The case focused on five people who prosecutors said helped him carry out the fraud.
Each was convicted of conspiracy to defraud clients, securities fraud, falsifying the books and records of a broker dealer. Prosecutors obtained convictions on all 33 charges, though only one defendant was charged in some counts.
Prosecutors unveiled hundreds of exhibits and showcased dozens of witnesses to try to prove charges against Annette Bongiorno, Madoff's longtime secretary; Daniel Bonventre, his director of operations for investments; JoAnn Crupi, an account manager; and Jerome O'Hara and George Perez, both computer programmers.
"As the jury unanimously found, these five defendants played crucial roles in constructing and maintaining the house of cards that was the Madoff investment fraud," said U.S. Attorney Preet Bharara in a statement.
"These convictions, along with the prior guilty pleas of nine other defendants, demonstrate what we have believed from the earliest stages of the investigation: this largest-ever Ponzi scheme could not have been the work of one person," he added.
Bongiorno and Bonventre testified for several days in their own defense. They insisted they were victims of Madoff's fraud as well, losing millions of dollars they had invested with him because they believed in and trusted him.
Andrew Frisch, Bonventre's attorney, told CNBC in an email that he was "disappointed and will appeal. The list of Bernard Madoff's victims now includes these five former employees."
Bongiorno, 65, told the jury he once asked how the firm was "making money when everyone else was losing money." He said Madoff told him they could make money in a down market by shorting stocks. Bongiorno said he believed him.
Clients lost nearly $20 billion. A court-appointed trustee has recovered much of the money by forcing those customers who received big payouts from Madoff to return the funds. When the fraud was revealed, Madoff admitted that the nearly $68 billion he claimed existed in accounts was actually only a few hundred million dollars.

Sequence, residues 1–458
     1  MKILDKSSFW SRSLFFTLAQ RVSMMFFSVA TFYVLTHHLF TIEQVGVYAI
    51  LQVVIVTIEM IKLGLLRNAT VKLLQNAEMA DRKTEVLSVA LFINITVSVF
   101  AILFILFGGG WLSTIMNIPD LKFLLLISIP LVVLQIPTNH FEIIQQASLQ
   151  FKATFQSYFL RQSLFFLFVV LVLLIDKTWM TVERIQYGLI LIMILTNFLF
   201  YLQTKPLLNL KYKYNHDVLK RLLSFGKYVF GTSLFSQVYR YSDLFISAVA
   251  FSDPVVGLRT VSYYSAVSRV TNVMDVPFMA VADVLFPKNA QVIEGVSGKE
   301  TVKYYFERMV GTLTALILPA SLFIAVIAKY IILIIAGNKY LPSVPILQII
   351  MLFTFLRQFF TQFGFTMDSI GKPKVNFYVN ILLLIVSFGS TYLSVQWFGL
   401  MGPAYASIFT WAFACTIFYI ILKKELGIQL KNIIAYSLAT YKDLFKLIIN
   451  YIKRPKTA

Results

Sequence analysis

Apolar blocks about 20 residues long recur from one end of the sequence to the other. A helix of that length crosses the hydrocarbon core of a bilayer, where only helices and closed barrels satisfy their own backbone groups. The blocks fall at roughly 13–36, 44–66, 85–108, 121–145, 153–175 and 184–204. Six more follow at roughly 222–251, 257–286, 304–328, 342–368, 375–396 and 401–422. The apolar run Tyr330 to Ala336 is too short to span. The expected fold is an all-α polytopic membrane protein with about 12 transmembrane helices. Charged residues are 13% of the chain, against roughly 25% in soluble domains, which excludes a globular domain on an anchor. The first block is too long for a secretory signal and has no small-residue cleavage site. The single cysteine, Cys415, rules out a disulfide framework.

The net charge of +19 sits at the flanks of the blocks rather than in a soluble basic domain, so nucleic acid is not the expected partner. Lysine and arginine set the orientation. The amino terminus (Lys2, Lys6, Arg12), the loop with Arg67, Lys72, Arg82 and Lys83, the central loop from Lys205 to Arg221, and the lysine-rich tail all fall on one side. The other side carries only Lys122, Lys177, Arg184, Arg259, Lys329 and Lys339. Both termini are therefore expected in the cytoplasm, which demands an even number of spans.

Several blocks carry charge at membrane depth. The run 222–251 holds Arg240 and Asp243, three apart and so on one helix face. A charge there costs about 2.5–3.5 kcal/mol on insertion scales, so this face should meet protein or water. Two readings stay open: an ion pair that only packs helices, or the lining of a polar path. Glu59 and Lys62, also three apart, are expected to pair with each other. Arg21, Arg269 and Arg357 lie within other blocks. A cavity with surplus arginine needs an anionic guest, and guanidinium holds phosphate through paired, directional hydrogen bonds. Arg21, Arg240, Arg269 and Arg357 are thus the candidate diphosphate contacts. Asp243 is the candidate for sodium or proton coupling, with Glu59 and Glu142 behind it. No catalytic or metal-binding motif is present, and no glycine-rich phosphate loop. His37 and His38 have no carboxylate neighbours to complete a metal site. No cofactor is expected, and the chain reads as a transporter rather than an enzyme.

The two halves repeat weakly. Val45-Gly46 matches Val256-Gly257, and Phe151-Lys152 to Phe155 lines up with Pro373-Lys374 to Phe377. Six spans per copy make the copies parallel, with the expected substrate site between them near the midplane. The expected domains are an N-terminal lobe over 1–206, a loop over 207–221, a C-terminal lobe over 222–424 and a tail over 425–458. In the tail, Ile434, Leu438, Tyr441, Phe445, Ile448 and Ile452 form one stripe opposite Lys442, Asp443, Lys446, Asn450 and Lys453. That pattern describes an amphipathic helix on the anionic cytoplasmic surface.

The centerpiece of the prosecution's case was Frank DiPascali, Madoff's former finance chief, and five other insiders who pleaded guilty and agreed to cooperate.
At times, however, their testimony seemed to support the defendants' claims that they were kept in the dark.
DiPascali acknowledged that he lied to Perez and O'Hara "to trick them into working on the projects that he needed them to work on."
Larry Krantz, an attorney representing Perez, asked him if he was manipulating them so they could participate in the massive fraud without knowing it.
"Yes," DiPascali answered.
In their closing arguments, defense lawyers hammered at the notion that their clients were victims too, losing tens of millions of dollars they had entrusted to their boss.
Attorney Gordon Mehler said his client, O'Hara, was "used, abused, manipulated, lied to, snookered and bamboozled" by two of the greatest criminal masterminds in history.
Bongiorno's attorney, Roland Ripoelle, said Bongiorno "saw $50 million of what she thought was her own money but was really Bernie Madoff's monopoly money go up in smoke. ... Ms. Bongiorno relied on Mr. Madoff, and she was fooled by him."
Attorney Eric Breslin said his client, Crupi, was a victim of "the lies that they told her to her face, year after year."
The verdict was delivered after the jury deliberated for about 20 hours over a period of two weeks. The panel was down to 11 jurors after one juror became sick during deliberations and was dismissed.
The defendants were described by prosecutors as "necessary players" in Madoff's fraud. They said Bongiorno, hired in 1968, and Crupi, hired in 1983, used old stock tables to fabricate account statements and other fake records that kept the Securities and Exchange Commission in the dark. The government said they also rewarded themselves with tens of millions of dollars in salary and bonuses, including $2.5 million for a beach house for Crupi as the Ponzi scheme was falling apart.
Prosecutors said O'Hara and Perez developed a software program that automated the fraud, generating "information out of thin air," as one put it.
The Ponzi scheme nearly ran out of money at least twice since the early 1990s before finally collapsing during the 2008 financial crisis.
During jury selection, prospective jurors were told that they might hear references to big names like Steven Spielberg, Sandy Koufax, Kevin Bacon and Zsa Zsa Gabor. Hundreds of exhibits and thousands of pages of materials were put before jurors.
Also mentioned were Madoff's relatives, including his brother, wife and two sons. A third son committed suicide two years after the fraud was revealed.
Madoff, 75, is serving his sentence at a federal lockup in North Carolina.
Correction: This story has been updated to reflect the number of former Madoff employees being tried are five.
—The Associated Press, with CNBC.com